This capsule idea doesn’t work for everyone. You may be someone who needs to choose an outfit on the day, whatever feels right at the time. What felt right yesterday evening when you were planning may not feel right this morning !
But you can pre-plan outfits, take photos of them, and choose which suits your current mood. Many people find it useful to take selfies of successful combinations, so they don’t have to do much experimenting in the morning.

Even a few steps towards achieving a part capsule can be useful and interesting. A ‘learning experience’. There’s no need to rush.

As you make progress, and learn more about your favourite garment colours, shapes, styles, co-ordinates, many people find that new items fit in without having to give it much thought.
Or if they don’t, don’t buy them !

Put these items at the front of your closet, so they’re the only ones you choose from when you’re getting dressed, and see if you find the capsule idea helpful.

If you love wearing makeup or jewellery, sprinkle on your favourites for even more joy and fun 😀
You could include them in try-out sessions too.
Or would you like to add into the mix : 5 hats, 5 scarves, 5 belts, hair ornaments, gloves ?

A small travel capsule

Choose 3 tops, 2 bottoms, 2 layers, 2 shoes.
In 2 different styles, such as casual + evening out, or work + dressy evening out.
With such a small number of items, it’s best if every possible combination looks good.
Take heavier items with you by wearing them for travel.
Jewellery, scarves, make-up are small light-weight ways of adding more looks.
And if you’re away for more than a few days, what about clothes care – do you mind hand washing in a hotel room ? If you would hate that, add more light-weight non-bulky tops.

In this post, Imogen Lamport insists a true ‘capsule’ is less than a dozen items.

I’ve mentioned a few capsule stylists I’ve enjoyed following. Many more come up if you do a web search.
Enjoy your discoveries 😀

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Explore posts in the same categories: co-ordinates, wardrobe planning

6 Comments on “Building a wardrobe capsule”

  1. Vancouver Barbara Says:

    It’s always so good to see you again. Thank you for this. I love capsules, the idea of capsules or anything to do with a capsule. When I sew, I’m always thinking of a capsule. Vivienne Files is a fabulous blog that deals with capsule wardrobes and how to build one and her writing is delightful. She writes an enchanting scenario for each heroine. She is definitely worth reading. Thanks again.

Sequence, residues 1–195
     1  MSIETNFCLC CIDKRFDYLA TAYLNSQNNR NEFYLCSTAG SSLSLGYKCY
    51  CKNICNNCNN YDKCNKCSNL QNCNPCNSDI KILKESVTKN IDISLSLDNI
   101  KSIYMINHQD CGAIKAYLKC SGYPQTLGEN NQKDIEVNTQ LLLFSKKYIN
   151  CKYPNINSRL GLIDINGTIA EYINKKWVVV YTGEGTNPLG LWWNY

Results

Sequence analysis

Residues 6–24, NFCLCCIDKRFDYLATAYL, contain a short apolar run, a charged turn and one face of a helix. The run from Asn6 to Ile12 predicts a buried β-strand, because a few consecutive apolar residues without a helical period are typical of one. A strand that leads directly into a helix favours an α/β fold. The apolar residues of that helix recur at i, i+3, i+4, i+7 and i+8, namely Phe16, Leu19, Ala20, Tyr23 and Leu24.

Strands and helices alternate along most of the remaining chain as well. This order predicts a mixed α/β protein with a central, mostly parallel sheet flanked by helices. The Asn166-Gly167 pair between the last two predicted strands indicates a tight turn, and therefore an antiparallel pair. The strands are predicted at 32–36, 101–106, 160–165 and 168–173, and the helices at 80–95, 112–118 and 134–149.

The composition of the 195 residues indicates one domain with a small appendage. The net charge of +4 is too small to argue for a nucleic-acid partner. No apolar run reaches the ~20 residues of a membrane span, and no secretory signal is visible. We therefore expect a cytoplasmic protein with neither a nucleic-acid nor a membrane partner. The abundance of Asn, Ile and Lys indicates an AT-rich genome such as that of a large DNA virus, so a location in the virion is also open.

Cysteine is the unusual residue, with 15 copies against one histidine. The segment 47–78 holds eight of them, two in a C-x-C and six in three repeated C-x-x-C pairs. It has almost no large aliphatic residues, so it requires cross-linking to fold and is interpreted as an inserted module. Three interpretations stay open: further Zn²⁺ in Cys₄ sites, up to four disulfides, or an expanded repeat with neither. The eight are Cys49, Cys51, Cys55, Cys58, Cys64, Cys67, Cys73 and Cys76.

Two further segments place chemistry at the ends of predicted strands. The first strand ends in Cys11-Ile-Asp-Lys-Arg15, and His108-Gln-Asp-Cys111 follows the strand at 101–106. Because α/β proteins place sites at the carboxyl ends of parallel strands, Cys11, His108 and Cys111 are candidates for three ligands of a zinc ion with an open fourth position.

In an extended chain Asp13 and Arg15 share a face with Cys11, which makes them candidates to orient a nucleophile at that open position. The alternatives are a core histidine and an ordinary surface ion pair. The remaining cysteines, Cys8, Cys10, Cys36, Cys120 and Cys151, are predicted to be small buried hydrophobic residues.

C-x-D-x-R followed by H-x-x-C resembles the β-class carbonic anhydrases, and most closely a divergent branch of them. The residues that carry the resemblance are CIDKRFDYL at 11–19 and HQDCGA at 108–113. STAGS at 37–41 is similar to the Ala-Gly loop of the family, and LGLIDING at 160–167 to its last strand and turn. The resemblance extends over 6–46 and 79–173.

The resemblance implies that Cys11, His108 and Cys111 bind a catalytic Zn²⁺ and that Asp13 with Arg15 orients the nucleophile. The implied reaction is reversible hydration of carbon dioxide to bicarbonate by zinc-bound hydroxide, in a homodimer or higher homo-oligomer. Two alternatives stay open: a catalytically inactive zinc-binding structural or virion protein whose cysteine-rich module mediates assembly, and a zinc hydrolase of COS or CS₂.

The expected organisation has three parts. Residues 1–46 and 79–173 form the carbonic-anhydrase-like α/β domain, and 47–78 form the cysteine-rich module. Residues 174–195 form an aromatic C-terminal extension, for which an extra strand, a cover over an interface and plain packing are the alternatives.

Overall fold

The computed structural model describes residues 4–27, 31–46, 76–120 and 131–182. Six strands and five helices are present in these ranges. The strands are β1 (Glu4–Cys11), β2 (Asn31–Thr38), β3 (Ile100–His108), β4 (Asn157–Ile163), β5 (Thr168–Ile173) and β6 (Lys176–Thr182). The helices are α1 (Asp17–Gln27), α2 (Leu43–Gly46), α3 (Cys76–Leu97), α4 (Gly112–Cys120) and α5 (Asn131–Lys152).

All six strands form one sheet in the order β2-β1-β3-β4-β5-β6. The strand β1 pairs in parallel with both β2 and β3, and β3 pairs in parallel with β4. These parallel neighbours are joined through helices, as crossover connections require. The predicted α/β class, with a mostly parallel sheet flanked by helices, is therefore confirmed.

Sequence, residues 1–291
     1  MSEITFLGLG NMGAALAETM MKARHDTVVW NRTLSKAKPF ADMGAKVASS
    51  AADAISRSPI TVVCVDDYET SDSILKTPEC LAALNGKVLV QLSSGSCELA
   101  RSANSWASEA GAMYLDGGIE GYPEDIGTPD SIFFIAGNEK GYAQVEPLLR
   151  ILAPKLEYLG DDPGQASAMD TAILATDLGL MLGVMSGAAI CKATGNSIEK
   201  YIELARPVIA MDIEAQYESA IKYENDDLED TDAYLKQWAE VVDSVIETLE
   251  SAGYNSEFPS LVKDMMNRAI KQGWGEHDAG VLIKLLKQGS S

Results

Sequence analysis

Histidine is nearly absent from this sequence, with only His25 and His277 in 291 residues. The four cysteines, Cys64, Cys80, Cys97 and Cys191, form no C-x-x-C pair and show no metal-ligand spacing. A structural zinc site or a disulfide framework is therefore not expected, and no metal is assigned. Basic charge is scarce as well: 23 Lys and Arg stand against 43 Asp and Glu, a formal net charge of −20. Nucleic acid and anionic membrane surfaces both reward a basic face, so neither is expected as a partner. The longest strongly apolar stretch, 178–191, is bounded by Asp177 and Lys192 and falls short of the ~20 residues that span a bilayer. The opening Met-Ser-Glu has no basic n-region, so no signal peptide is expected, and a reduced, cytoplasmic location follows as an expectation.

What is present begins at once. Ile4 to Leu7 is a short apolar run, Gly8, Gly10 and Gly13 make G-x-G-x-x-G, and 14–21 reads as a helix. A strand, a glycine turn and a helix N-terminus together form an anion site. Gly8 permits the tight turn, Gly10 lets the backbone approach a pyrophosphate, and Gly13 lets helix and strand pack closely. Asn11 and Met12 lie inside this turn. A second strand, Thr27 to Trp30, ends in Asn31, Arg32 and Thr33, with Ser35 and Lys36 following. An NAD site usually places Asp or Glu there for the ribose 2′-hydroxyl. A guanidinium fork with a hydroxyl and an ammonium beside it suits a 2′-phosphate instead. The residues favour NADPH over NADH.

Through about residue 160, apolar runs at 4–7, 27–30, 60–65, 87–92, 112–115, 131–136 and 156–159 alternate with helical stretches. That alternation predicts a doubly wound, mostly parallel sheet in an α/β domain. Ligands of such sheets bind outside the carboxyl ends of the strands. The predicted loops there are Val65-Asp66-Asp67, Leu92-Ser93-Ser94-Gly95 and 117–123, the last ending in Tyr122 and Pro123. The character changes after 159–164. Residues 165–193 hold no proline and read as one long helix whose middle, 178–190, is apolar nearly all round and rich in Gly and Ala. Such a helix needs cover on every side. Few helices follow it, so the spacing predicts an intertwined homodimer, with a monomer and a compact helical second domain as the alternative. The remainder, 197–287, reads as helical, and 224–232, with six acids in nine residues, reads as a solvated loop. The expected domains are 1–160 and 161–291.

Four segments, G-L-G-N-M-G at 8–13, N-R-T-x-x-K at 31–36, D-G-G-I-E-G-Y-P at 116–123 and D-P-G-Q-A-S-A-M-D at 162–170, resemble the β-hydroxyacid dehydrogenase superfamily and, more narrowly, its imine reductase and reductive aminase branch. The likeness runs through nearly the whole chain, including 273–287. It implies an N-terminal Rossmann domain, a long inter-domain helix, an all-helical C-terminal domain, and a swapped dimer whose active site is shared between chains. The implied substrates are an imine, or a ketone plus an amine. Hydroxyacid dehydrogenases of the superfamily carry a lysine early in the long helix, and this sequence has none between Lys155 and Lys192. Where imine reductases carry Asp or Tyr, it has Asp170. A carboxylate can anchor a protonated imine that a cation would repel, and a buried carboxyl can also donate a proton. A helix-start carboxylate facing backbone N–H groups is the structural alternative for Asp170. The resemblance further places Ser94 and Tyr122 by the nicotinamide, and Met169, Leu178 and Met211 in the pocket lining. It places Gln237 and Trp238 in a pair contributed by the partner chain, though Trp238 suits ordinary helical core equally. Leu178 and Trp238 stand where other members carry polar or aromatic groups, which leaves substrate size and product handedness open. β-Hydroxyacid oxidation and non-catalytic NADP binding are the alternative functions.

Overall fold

2. Brenda Says:

    Thank you for highlighting Stunning Style. I was not aware of this resource and she pushes all the right style buttons for me. Imogen Lamport I have followed for a while but unlike Stunning Style, Imogen encompasses all styles whereas Stunning Style looks at the categories within only the Classic style. I appreciate your comment about creating a capsule wardrobe is not instant especially in the current shopping climate. Thanks again.

    • sewingplums Says:

      Thanks Brenda for the comment. Yes, April Grow makes Stunning Style an excellent service if your style is Classic, she provides much advice and many extra resources. But if your style is not a bit Edgy and your colouring is not Winter, it is less helpful 😀

  3. Towanda Says:

    I use the app “my bodymodel” to make a croquis. I copied pattern images and added them to a powerpoint slide. Cut everything out and played with them as paperdolls. I started with 9 garments and stopped at 30 outfits. It helped me define what I want to sew.

    • sewingplums Says:

      Thanks Towanda for the marvellous idea – good support for sewists. Excellent to test pattern images against your body shape. Any help with making style decisions is welcome ! and with narrowing down the possibilities. Another way of having fun and being creative 😀

      MyBodyModel doesn’t work well for me. But a personal croquis can be an eye-opening tool, and there are several other ways of getting one in my post on them. You do have to take photos of yourself in undies or close fitting clothes, so those methods are not for everyone.